We are moving to the era of digital towns and villages that are connected via the Internet for their commercial, financial, administrative, and social activities. Digital settlements will be the future of development; they are the trajectory of our urban planet.
With the urgent need for sustainable, inclusive, resilient and prosperous cities, as expressed in the Sustainable Development Goals and the Paris Agreement, and the New Urban Agenda cities must be reconsidered in terms of planning; housing; infrastructure development; economic development; environmental sustainability; social development; disaster exposure and resilience; and peace and security. The planning of twenty-first century cities must take into consideration the emergence of Information Communications Technology (ICT) infrastructure, social media, and the data revolution. This revolution is not only at the technical level but also reflects dynamic changes in modern life. More importantly, with the development of ICT infrastructure, workplaces are becoming more spatially mobile. The dichotomy between settlements, particularly between cities, towns, and villages, is becoming less relevant than it was traditionally perceived to be. Comparative advantages associated with urban settings, such as diffusion of ideas, innovation, economies of scale, and agglomeration, can also be achieved in connected sparse settlements. Today, settlements must be planned in consideration of these emerging parameters and conditions that point towards a new form of urbanization, one where digitally connected towns and villages offer social, economic, and political advantages traditionally only found in large, dense cities.
Over the past 15 years, national governments have created legal institutional frameworks to support regulatory mechanisms on the development and use of ICT. According to the World Bank (2016), between 2005 and 2015, the number of Internet users increased from 1 billion to 3.2 billion. Today, mobile phones are present in the majority of households (varying from 73 percent in sub-Saharan Africa to 98 percent in high-income countries), easing potential access to the Internet. By 2030, access to other ICT infrastructures will also be quasi-universal. Only 31 percent of the population in developing countries had access in 2014, compared with 80 percent in high-income countries (World Bank 2016). Making the Internet universally accessible and affordable should be a global priority.
The growth in ICT has given birth to e-commerce, e-banking, and so on – all of which have led to the creation of “digital villages” that will likely become the norm by the late twenty-first century, if not earlier. This will challenge all projections of urban population and size to 2050 and beyond. Although declines in the sizes of cities have been observed in past decades, the trend was mainly associated with suburbanization and the development of small- and medium-sized cities, it will be further pronounced with the emergence of new forms of digital human settlements, traditionally known as villages.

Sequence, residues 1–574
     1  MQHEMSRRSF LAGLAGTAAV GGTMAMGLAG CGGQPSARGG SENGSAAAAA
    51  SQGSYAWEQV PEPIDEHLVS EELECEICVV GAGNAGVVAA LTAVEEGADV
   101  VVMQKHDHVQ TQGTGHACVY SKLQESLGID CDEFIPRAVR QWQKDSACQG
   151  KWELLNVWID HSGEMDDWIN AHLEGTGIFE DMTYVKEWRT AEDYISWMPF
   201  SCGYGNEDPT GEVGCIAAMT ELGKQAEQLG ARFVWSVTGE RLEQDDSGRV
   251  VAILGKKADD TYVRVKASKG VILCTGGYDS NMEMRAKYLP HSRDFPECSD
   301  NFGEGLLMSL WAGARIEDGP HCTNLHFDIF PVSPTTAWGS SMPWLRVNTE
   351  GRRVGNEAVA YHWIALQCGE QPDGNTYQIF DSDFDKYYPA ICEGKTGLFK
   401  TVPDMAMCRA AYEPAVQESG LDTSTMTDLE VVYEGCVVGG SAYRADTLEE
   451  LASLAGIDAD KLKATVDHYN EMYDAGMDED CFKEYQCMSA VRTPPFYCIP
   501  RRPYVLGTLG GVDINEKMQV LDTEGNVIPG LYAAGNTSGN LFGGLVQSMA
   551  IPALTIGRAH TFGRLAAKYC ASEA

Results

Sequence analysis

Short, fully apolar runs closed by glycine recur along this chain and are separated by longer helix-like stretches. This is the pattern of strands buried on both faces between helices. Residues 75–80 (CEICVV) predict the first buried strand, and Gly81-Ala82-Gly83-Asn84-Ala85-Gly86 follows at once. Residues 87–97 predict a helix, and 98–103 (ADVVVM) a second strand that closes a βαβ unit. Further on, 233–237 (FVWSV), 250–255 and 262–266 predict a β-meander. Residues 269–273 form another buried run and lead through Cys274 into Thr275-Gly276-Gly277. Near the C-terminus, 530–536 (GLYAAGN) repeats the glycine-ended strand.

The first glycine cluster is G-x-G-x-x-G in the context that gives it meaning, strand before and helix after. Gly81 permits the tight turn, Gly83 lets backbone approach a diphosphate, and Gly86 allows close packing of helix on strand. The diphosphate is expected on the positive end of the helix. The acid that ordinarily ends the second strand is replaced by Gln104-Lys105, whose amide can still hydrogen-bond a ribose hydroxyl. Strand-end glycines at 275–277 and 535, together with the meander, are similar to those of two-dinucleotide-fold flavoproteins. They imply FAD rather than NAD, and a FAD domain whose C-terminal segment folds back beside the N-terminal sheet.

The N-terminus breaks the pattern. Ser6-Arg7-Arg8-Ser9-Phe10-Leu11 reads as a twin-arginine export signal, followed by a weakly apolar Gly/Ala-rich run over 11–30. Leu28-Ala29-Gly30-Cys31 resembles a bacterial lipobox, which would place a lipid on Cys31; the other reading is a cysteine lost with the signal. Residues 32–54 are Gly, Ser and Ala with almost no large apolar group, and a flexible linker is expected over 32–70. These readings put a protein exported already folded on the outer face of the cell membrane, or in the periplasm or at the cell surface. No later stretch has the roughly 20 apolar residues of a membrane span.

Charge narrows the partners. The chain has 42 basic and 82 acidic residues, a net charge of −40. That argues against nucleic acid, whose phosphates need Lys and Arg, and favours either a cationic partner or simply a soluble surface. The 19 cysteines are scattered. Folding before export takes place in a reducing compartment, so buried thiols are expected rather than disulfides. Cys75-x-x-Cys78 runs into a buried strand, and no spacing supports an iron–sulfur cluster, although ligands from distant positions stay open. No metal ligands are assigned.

There are many examples of digitally served villages around the globe in which ICT advances have made spatial obstacles irrelevant and have opened up remote areas to the world with great local benefits. For example, the economy of the village Dongfeng in China’s Jiangsu province drastically changed in 2006 when a migrant from the village returned to open an online shop (World Bank 2016). His successful experience was expanded to other sectors; four years later, the village had six board-processing factories, two metal parts factories, 15 logistics companies, and seven computer stores serving 400 households engaged in online sales throughout China and in neighboring countries. In Uganda, wider mobile phone coverage is contributing to increased sale of perishable crops, such as bananas, from farmers in remote areas (Muto and Yamano Reference Muto and Yamano2009). In India, e-Choupal is easing access to the Internet, making it possible for farmers to place orders for inputs and to directly negotiate the sale of their produce with buyers (World Bank 2016). E-Choupal services reach over four million farmers growing a range of crops in over 35,000 villages through 6,500 kiosks across 10 states (www.itcportal.com/businesses/agri-business/e-choupal.aspx).
ICT makes it easier for people to buy and sell products beyond geographical boundaries, reduces the cost of transactions by a large margin, and opens remote areas to new opportunities. Yet, it also renders cities and villages that lack versatility irrelevant through ICT’s ability to shift to areas that can adapt and transform with its rapid evolution. Through ICT, villages have access to the latest innovations, can participate in democratic debates, and make their voices heard. Today, voices are not just originating from the cities but also from the villages. Finally, the emergence of these digitally served towns and villages will foster economic development without damaging the environment; there will be less consumption of land for private property and fewer cars, making streets friendly and healthy for walking and cycling. In the long term, this will reduce carbon emissions, promote the creation of low-carbon settlements, reduce land degradation, and promote biodiversity. These digitally connected settlements will provide economic advantages at a larger scale while safeguarding the environment. They will be sustainable, inclusive, and prosperous. This will mark the end of big cities and the rise of digital urbanization.